As predicted a couple of days back, the latest upgrade to Mac OS X Leopard, 10.5.3 has just gone live.
The update isn't for those on a capped broadband connection as it weighs in at 420MB (or 536MB if you choose the combo pack).
While 10.5.3 squashes lots of bugs, it also includes a few interesting new features. The first one is the ability to sync your contacts with various different web services, in particular Google. If you open Address Book preferences you'll notice the option to now sync with .Mac, Exchange, Yahoo and Google. The sync activates when you sync your iPod or iPhone, and it's a two way sync - so be careful, and backup your Address Book before enabling this feature as all your Google contacts will end up in your Address Book.
There's also another new option in Address Book under the File menu called 'Send Updates'. This function appears to provide functionality to send a message to your contacts with your updated contact information.
But 10.5.3 isn't about new features, it's about bug fixes. And the list is long. In particular, I'm looking forward to improvements in iCal, like more reliable syncing and better support for meeting alarms.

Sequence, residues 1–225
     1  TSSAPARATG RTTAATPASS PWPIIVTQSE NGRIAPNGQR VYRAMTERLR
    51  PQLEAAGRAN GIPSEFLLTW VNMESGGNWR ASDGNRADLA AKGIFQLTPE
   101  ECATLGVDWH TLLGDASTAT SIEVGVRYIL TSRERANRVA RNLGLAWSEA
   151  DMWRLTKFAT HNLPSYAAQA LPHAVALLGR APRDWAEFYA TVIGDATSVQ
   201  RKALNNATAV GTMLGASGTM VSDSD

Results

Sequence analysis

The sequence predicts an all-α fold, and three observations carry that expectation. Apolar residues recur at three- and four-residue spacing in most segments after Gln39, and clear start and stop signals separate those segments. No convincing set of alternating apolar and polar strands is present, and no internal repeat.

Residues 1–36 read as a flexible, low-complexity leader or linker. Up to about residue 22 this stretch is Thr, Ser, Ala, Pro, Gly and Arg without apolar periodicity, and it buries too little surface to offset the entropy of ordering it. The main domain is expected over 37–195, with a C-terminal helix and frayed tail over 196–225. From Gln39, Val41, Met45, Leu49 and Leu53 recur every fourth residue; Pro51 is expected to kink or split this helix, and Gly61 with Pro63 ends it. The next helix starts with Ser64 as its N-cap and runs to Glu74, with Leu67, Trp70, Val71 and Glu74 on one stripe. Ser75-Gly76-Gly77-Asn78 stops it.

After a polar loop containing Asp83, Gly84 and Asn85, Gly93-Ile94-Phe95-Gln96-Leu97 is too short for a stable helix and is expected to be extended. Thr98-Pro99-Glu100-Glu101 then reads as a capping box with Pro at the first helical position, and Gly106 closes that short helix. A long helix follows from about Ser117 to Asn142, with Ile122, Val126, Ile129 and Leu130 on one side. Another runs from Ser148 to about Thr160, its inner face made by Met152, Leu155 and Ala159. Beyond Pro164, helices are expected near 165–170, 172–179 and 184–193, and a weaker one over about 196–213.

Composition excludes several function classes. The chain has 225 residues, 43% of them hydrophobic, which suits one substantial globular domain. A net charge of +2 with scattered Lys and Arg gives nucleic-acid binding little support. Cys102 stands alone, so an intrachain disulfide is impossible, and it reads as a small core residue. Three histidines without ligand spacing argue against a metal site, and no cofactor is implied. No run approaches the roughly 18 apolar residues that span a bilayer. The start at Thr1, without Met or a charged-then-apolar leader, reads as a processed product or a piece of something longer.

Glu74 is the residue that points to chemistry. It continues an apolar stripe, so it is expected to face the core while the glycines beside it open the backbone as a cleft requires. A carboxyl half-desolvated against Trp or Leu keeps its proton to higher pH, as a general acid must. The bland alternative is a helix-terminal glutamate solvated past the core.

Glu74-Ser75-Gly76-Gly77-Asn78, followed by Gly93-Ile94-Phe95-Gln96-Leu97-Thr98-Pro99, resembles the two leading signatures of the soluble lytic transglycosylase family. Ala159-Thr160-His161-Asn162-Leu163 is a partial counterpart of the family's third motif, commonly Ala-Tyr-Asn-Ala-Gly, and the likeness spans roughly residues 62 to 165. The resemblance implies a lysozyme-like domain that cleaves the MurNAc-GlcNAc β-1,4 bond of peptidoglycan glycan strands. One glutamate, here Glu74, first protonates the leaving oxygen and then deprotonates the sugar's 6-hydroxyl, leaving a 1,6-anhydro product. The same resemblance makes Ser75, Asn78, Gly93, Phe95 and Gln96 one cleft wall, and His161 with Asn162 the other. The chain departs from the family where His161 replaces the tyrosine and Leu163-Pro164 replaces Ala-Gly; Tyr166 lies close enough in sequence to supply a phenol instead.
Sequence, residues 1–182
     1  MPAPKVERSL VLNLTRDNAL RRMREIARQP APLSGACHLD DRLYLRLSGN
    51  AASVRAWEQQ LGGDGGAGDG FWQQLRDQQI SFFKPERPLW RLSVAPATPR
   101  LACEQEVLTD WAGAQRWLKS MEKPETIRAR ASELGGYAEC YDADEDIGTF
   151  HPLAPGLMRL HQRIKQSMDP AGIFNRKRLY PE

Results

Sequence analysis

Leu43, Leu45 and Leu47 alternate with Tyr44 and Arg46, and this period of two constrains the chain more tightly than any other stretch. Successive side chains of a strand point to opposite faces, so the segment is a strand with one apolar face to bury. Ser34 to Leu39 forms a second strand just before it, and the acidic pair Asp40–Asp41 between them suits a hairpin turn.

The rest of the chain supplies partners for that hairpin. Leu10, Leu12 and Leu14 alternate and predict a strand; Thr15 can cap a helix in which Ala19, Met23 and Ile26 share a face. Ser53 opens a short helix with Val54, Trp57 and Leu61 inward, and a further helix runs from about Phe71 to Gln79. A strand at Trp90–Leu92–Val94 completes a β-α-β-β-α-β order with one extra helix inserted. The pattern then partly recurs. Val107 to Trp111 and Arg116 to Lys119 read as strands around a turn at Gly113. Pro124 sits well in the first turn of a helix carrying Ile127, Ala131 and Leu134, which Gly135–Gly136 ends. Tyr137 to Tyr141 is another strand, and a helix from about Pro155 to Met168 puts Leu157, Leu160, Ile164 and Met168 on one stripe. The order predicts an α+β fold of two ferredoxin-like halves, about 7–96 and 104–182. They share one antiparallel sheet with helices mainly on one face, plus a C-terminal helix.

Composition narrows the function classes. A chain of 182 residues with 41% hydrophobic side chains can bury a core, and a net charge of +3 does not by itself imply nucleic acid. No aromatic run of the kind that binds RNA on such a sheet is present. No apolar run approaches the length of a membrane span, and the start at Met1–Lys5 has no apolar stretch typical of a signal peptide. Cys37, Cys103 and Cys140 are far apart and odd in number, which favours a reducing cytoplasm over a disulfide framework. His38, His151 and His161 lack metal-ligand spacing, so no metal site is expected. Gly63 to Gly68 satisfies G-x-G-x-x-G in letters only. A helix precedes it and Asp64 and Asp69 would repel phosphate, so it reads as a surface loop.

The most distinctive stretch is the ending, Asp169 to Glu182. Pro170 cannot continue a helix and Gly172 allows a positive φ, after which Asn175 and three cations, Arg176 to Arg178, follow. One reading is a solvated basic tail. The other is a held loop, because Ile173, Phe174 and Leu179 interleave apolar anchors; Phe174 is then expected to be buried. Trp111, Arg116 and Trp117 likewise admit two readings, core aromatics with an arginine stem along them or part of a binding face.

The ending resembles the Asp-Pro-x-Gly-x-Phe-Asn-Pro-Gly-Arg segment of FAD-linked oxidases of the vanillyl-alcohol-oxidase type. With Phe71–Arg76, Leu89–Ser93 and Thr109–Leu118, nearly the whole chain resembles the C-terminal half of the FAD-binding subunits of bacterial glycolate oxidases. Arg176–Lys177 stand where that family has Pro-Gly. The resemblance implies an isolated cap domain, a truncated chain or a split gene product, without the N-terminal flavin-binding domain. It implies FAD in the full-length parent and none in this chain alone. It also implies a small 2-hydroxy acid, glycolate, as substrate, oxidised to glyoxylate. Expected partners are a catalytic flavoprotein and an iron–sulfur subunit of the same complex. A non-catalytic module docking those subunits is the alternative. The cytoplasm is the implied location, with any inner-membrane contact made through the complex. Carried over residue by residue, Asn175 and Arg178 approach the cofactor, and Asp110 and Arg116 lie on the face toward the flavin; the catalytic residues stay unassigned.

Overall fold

There's also plenty of fixes that should help network admins make Macs better IT citizens - things like improved Active Directory binding and login, improved Spotlight searches on AFP volumes, the ability for clients to change their password at login when bound to a 10.4 Open Directory server.
Lastly, Time Machine has been improved and now has better support for applications, including Aperture libraries, and also plays better with Time Capsule.
As for whether it fixes the major graphics glitches in the latest MacBooks and MacBook Pros -- the jury is still out. Some users have said it does
, while others have said it doesn't
Regardless -- it's clearly a great update in terms of the number of things it does fix. Fire up software update (which has also been given an update in 10.5.3 to better reflect progress) to download the update or head over to Apple
to download the package (a better way to go if you're deploying on multiple Macs).